The collapse of empires and tourism

We had a brief stopover in Siem Reap at the end of our 2015 travels. Wow, what a difference a couple of years makes. This time the town was very crowded with tourists and the temple sites were, in my modest opinion, getting beyond their peak visitor numbers. Convoys of tour buses ensure that these often quite compact sites now deliver an experience similar to what you expect when exiting a national stadium after the biggest game if the year. In order to try and beat this crush, we decided to arise early and at least get the first part of any visit underway before the mob arrived. However, ‘the mob’ are also early birds, probably cajouled into action by their tour leaders to ensure that they get ahead of all of the other bus tours.

The most heartening aspect of viewing the ‘lost Khmer’ relics was the evidence before our eyes that nature very quickly takes back what was taken from her in the first place. Beng Melea temple was a great example of a city that was reclaimed by the jungle once the then civic authorities ceased usual maintenance of the municipality. Maybe there is hope for the planet, we just need to let the cycle of inevitable ’empire collapse’ take it’s course. Our current civilisation certainly seems to have plenty of self-destructing ingredients in the mix at present.

Mass tourism is a microism of what ultimately leads to the collapse of our empires / civilisations. We over-exploit our natural resources or man made wonders until they are depleted, destroyed or driven to extinction. Mass tourism kills the ‘goose that laid it’s golden egg” not to mention killing it for everyone else. While uncontrolled exploitation of the planet’s resources will also lead to collapse. I suspect that what happens is that these tourist hotspots ultimately become a ‘hard sell’ because of the over crowding and, they are hopefully spared the ‘destruction’ fate. Alternatively, as we are seeing in some cities around the World, protests by local residents are forcing authorities to take action (fees, taxes, etc) that effectively limits mass tourism operators (exploiters).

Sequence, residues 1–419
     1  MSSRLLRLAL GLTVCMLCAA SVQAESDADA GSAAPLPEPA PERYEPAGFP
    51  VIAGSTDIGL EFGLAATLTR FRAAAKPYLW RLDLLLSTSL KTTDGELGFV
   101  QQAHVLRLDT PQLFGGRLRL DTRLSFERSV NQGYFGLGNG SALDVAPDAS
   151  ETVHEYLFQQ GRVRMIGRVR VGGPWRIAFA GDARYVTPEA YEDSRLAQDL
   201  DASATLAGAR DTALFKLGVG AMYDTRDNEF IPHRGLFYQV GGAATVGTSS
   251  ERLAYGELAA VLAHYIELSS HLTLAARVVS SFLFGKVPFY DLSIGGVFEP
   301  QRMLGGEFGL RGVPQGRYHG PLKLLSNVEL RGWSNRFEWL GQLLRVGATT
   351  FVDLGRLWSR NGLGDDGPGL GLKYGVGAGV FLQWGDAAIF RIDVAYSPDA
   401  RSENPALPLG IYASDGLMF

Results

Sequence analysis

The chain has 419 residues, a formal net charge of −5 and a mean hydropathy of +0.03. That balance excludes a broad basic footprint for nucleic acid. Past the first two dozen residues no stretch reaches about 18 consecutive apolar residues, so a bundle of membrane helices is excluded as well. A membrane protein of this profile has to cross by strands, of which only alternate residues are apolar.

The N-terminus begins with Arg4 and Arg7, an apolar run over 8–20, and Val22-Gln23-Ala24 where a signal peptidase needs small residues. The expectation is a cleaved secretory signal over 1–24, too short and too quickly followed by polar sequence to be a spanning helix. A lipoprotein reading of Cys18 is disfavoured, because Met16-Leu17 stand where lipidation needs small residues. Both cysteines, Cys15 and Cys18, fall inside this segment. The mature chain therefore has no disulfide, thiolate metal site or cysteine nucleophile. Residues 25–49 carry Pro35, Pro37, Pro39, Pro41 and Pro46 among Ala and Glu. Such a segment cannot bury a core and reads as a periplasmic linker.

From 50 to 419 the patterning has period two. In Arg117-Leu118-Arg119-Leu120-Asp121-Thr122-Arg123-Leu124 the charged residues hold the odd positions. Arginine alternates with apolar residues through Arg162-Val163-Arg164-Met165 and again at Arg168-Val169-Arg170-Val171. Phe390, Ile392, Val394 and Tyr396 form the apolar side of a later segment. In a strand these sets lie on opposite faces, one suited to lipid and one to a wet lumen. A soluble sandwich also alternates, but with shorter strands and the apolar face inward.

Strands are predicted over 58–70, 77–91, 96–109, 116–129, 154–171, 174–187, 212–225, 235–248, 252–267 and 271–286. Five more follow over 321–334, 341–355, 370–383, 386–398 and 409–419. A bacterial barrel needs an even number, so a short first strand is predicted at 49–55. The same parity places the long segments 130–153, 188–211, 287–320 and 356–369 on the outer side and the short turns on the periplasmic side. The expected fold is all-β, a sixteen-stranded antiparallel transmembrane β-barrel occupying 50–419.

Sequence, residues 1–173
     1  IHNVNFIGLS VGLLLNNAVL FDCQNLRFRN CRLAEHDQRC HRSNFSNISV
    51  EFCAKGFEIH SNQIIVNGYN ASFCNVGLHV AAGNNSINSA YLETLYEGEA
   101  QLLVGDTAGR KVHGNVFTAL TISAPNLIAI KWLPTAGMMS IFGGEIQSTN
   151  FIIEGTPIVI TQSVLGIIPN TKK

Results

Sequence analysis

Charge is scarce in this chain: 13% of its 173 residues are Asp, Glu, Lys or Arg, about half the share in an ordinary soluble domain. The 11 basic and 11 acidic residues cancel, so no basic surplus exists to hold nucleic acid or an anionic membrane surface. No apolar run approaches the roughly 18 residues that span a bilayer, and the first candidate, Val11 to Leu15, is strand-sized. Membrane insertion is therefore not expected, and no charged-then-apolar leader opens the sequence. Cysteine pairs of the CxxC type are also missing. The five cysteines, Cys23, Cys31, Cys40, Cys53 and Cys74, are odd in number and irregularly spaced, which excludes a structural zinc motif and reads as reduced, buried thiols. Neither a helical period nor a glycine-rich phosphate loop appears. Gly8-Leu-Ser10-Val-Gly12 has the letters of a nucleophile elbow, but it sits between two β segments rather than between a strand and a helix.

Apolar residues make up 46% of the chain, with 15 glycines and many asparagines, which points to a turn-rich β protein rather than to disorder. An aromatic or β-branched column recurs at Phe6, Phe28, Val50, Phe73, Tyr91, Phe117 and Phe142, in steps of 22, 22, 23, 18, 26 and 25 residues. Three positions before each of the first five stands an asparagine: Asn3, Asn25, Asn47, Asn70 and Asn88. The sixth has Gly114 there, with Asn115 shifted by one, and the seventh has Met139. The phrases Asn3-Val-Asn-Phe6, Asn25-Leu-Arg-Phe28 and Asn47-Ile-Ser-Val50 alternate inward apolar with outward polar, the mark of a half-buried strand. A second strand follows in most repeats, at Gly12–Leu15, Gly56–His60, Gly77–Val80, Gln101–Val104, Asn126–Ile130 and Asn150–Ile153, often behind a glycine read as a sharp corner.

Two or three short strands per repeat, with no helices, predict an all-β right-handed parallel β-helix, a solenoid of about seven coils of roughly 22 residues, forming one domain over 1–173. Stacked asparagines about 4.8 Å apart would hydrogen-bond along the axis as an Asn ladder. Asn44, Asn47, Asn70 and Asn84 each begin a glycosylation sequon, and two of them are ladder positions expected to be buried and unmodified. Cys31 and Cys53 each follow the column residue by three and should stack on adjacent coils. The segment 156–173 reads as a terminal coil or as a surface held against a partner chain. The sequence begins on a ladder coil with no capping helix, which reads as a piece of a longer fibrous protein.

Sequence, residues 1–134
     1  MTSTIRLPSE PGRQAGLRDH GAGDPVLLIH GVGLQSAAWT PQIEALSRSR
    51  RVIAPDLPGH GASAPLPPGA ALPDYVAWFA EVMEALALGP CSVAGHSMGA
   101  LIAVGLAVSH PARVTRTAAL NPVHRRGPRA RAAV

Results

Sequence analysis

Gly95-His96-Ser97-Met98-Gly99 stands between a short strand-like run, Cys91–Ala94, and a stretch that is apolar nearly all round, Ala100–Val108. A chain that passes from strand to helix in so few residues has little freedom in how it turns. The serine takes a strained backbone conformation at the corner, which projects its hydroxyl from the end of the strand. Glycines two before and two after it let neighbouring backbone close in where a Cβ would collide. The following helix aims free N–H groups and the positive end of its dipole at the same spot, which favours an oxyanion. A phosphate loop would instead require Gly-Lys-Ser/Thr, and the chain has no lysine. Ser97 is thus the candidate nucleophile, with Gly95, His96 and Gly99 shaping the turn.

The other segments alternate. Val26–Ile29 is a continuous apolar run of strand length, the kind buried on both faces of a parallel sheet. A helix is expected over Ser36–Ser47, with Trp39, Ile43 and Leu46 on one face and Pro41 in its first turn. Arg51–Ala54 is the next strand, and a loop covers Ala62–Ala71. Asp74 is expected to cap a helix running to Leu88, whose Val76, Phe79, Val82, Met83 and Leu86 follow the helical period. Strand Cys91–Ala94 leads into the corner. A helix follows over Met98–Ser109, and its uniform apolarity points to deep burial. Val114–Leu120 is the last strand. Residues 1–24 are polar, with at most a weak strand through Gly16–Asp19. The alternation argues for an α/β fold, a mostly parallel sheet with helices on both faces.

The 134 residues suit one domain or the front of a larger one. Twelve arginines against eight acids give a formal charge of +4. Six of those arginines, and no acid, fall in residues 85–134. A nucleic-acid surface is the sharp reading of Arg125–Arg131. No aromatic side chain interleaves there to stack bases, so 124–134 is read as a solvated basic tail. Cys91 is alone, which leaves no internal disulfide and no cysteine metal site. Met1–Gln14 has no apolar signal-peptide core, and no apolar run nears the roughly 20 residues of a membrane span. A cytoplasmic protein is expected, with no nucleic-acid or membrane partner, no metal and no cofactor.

We try to avoid these hot spots but sometimes you feel compelled to take a peek and then remember why you were so reluctant to visit.

Enjoy the images of this amazing site that has been largely left as it was found. Well worth the quite long drive from Siem Reap but go early – when we arrived there was only one bus, by the time we were half way through our visit the sound of the approaching’ herd was deafening and we were eventually relieved to escape. The travel guides referred to it as being “off the beaten track” – obviously an old guide – must have been written a couple of years ago.

The process of cutting and shaping the rock, hauling it into place, carving it, to mention a few onerous chores, was beyond my comprehension.
Nature has made short work of this wall
Queen Street, Auckland in the future? Probably but the glass and steel will make for far less attractive ruins.
I suspect the ambient indoor outdorr flow was not what the architects of the temple had in mind when they designed it.
The elevated walkway allows you to get a good feel for the layout. I was lucky to snap this sans people, the thundering feet could be heard in the distance.
This wide angle shot shows how the jungle has reclained the temple.
I suspect rooftop gardens were also not part of the orginal concept.
Nature is not deterred by the irregular shape of the walls.
As we leave the buses continue to roll in.
Ruth shows crowd avoiding skills as she races through one of the temples.
But by the end of the morning ‘temple burnout’ was setting in.





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